There is a lot to consider when first learning how to go backpacking. It’s an amazing hobby and one that can add a lot to your life. Being immersed in nature evokes a certain set of primal instincts. This is deeply satisfying.
Yet, you have to prepare as nature can be harsh and unforgiving. When you are hiking for more than one day, you face a different set of challenges to a typical day hike. Today, we’re giving you our best backpacking tips for beginners to help you overcome those challenges, and enjoy a comfortable time in the wild.
Planning Your Hike
Where to go
The most important decision you’ll have to make when planning your backpacking trip is where to go. There are many factors to consider here which this backpacking guide will help you to navigate. As a beginner you’ll want to choose something that isn’t going to be too demanding.
The first factor to consider is the route. Look for flat trails that are short and don’t have too much elevation. It will take a few trips before you begin to understand your own physical limitations. Much better to underestimate those to begin with!
If any problems do arise, it is always safer to be near civilization. That doesn’t mean you can’t enjoy the wilderness, but try to pick a route that isn’t too far away from some roads or small towns. The most popular beginner backpacking trails tend to have plenty of people on them. That means you are never far away from another person, should problems arise.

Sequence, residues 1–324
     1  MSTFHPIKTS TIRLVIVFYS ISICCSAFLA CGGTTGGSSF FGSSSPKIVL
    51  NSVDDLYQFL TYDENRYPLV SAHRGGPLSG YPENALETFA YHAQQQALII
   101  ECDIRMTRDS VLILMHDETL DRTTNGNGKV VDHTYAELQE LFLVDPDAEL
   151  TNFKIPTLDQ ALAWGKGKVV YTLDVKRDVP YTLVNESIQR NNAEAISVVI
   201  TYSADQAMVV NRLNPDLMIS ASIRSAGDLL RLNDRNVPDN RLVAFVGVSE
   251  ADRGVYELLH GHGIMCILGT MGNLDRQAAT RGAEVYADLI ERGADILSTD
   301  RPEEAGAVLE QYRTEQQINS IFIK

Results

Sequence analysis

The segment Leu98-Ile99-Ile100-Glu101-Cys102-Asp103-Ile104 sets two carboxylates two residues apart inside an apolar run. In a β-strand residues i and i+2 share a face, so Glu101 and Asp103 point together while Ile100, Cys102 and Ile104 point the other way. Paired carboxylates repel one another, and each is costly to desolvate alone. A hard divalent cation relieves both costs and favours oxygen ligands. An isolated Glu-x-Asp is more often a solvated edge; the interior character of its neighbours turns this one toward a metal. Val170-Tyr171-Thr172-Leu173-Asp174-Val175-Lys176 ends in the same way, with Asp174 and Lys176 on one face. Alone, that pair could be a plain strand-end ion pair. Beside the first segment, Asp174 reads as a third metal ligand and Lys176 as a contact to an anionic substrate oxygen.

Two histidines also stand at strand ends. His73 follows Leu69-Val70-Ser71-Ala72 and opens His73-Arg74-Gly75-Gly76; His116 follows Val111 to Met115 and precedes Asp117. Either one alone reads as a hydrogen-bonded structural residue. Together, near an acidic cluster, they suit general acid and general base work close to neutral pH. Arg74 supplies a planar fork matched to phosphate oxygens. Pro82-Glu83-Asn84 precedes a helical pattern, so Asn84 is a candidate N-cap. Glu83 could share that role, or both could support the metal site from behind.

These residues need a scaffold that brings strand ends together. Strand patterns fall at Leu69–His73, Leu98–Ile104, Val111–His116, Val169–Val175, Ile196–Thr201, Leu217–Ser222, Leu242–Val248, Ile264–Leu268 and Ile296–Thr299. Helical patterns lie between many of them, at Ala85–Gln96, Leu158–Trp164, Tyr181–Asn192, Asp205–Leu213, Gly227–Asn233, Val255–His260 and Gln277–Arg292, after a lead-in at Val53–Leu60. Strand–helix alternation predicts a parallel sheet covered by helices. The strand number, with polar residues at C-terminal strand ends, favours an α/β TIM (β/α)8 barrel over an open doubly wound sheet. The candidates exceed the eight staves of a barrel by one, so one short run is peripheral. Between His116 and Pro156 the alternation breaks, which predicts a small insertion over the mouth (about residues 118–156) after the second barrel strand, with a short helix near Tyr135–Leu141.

Finally, if you are camping out overnight start with just a single night. Even the most prepared beginners will encounter some surprises on their first few trips. Most minor problems aren’t usually that serious when you are only staying for one night. If you suddenly realize you didn’t pack enough food, you can usually tough it out for one night.
Choosing a Campsite
Where possible, choose an established campsite for your early expeditions. Aside from being much easier to find, it will also likely have some facilities that simplify the experience. A good example of this would be bear-proof food storage boxes or bear poles. If you’re new to this, then it saves you having to figure out the hanging food back trick.
Again, established campsites are more likely to have other people there. This adds and extra layer of safety since help is never far away.
Try to research the campsite online or in a local guidebook beforehand. Campsites with a dirt flooring are much easier to pitche you tend on than any kind of wooden platform. This saves you having to hammer in your tent pegs.
Access to fresh water is always crucial at any campsite. Besides the whole essential to your survival thing, water is also useful to clean and cooking equipment.
Some more established campsites will have pre-built fire pits which are safe places to get some heat or heat up some toasted marshmallows. One of my favorite parts of backpacking is sitting around a fire at the end of a long day’s hike. There is something magical about watching a fire. The last thing you want is for the fire to get out of control, so fire pits are you friend here.
Research the Local Environment
Conditions can vary dramatically even over short distances. Always research the local conditions when you are planning a trip. This includes checking local laws about fires, litter and wildlife. Certain areas may have specific dangers such as bears. You must take special precautions must here.
It’s also worth checking the expected weather conditions. This will help you to plan what to pack as well as avoiding starting any forest fires by accident!